ST. LOUIS, MO/February 1, 2017 (STLRealEstate.News) Railway Exchange Building – Downtown St. Louis had a bit of real estate activity this past week with the official announcement of a Florida-based developer completing a purchase of the century-old Railway Exchange Building. After the purchase, the new owner, Hudson Holdings of Delray Beach in Florida, paid just above $20 million for the building that occupies an entire block in the middle of downtown. When asked about the transaction, Hudson Holdings did not respond to request for comments about its plans. The company put the building under contract last spring.
Sources are still speculating what the firm is up to, and think that redevelopment would include a mixture of residences, stores, and perhaps even a hotel. The building comes with lofty history, having been constructed in 1914. It has 21 floors and 1.2 million square feet of space. It was formerly the headquarters of the May Department Stores Co. and downtown’s Macy’s Store location.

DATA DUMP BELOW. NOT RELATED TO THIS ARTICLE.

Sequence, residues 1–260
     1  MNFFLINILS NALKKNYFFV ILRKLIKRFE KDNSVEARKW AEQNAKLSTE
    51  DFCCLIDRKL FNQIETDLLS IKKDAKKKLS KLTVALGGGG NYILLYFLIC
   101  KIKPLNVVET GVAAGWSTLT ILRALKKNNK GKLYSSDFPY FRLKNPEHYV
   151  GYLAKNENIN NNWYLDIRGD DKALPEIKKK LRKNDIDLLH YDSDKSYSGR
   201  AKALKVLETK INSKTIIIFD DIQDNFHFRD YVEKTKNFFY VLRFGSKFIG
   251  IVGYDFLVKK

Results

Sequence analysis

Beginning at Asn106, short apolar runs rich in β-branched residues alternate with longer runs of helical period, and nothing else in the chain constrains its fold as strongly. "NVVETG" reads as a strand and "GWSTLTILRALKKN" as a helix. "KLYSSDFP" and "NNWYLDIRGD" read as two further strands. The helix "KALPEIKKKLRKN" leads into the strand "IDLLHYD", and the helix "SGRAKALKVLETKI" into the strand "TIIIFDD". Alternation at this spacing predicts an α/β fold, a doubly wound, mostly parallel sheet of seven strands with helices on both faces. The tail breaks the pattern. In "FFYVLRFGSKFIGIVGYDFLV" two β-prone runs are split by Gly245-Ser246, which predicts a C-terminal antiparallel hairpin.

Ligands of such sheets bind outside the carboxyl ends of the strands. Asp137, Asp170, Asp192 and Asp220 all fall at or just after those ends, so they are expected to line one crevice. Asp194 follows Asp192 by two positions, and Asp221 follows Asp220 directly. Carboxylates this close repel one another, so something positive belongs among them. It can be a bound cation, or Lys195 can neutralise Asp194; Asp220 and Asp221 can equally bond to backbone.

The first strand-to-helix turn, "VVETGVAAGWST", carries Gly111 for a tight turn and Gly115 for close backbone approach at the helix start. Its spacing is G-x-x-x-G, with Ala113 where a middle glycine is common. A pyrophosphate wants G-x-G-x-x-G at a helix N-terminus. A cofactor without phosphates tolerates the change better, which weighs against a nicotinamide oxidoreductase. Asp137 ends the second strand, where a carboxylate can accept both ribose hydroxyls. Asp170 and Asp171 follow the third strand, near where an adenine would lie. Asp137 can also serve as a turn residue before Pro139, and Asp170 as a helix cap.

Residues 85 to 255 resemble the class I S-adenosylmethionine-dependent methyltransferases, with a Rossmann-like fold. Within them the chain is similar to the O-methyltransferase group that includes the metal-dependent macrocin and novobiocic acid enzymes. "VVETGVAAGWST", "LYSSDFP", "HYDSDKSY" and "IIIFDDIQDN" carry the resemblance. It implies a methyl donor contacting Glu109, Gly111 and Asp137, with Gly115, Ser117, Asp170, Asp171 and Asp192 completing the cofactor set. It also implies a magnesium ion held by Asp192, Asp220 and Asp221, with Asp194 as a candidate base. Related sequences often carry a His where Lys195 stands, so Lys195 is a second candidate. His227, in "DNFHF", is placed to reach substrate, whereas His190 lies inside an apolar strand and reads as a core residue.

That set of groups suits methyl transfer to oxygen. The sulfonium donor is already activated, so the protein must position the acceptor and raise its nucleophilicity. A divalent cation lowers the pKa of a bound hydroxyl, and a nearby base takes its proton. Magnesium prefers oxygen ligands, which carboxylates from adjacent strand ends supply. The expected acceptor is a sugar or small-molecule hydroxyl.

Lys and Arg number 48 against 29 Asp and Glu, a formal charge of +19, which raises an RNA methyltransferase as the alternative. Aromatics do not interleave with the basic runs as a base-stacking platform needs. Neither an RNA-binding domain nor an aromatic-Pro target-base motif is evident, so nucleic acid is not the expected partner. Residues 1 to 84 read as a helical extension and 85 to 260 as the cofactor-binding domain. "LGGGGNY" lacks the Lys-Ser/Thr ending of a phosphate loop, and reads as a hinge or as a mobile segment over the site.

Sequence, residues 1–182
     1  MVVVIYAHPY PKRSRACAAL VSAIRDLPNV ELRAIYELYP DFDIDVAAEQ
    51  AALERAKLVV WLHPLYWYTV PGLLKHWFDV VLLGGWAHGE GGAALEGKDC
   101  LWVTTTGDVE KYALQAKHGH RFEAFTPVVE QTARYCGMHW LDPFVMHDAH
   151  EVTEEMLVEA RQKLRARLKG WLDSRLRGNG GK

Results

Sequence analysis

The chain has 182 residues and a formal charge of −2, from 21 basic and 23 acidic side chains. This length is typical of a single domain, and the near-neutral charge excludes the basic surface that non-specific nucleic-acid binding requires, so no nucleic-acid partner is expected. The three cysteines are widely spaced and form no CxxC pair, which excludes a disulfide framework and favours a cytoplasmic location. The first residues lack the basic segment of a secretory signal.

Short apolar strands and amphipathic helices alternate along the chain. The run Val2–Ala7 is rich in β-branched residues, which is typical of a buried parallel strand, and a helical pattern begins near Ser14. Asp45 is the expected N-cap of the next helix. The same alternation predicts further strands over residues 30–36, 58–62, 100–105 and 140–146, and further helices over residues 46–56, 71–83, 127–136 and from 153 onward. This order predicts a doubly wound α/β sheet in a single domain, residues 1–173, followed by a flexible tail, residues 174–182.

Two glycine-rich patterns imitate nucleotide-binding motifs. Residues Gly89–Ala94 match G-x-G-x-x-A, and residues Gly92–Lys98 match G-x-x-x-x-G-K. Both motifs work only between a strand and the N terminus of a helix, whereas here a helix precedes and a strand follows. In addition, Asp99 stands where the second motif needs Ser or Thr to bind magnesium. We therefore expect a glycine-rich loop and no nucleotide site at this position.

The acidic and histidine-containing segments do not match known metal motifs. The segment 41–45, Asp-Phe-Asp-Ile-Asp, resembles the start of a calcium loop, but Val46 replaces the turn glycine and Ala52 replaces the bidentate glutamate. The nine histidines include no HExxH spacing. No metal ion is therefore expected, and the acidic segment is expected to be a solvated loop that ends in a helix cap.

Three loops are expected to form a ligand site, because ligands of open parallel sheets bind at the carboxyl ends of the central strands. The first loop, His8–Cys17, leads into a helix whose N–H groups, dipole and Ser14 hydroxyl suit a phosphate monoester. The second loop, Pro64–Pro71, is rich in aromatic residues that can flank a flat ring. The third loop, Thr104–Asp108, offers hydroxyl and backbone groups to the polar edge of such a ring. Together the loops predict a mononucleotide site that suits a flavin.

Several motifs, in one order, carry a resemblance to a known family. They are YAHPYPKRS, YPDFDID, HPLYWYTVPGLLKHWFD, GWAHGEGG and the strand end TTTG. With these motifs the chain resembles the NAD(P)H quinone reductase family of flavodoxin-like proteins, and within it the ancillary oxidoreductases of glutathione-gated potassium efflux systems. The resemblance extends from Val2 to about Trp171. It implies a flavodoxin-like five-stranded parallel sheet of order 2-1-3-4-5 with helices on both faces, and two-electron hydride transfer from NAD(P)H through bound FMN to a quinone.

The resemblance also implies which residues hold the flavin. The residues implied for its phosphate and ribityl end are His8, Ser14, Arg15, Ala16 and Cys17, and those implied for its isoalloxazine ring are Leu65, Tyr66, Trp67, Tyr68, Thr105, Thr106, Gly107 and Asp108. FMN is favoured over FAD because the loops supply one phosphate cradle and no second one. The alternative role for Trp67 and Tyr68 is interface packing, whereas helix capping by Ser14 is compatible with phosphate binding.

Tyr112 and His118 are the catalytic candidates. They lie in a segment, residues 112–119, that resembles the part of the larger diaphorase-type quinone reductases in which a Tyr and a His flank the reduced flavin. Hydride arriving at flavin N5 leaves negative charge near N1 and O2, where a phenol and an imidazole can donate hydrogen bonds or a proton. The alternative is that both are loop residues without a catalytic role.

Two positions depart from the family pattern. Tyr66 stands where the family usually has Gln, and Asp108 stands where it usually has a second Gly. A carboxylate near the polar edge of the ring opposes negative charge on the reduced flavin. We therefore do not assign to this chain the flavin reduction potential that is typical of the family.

Macy’s moved out of the building when it closed in 2013. Since its closure, the building at 601 Olive Street has been vacant. The property includes the parking garage connected to the Railway Exchange by a fourth-floor sky-walk over Olive Street.
Recently updated on the Hudson Holdings website, the company emphasizes the “downtown historic adaptive re-use” of the location and sees potential in the older, transformational assets. The real estate firm is no stranger to historic renovations, having projects that include the nearly century-old Huntington Building in downtown Cleveland, the Textile Building in Cincinnati, and the Mark Twain Building in downtown Kansas City.
When Macy’s downtown St. Louis closed, it occupied the Railway Exchange’s three lower floors, less than a third of the space the Famous-Barr store previously filled.
Stay tuned for information and details on what the development company plans to new with the new-found historical and strategically located acquisition.
Contributing Editor: Alexandra R. Fasulo
Picture courtesy of Preservation Research Office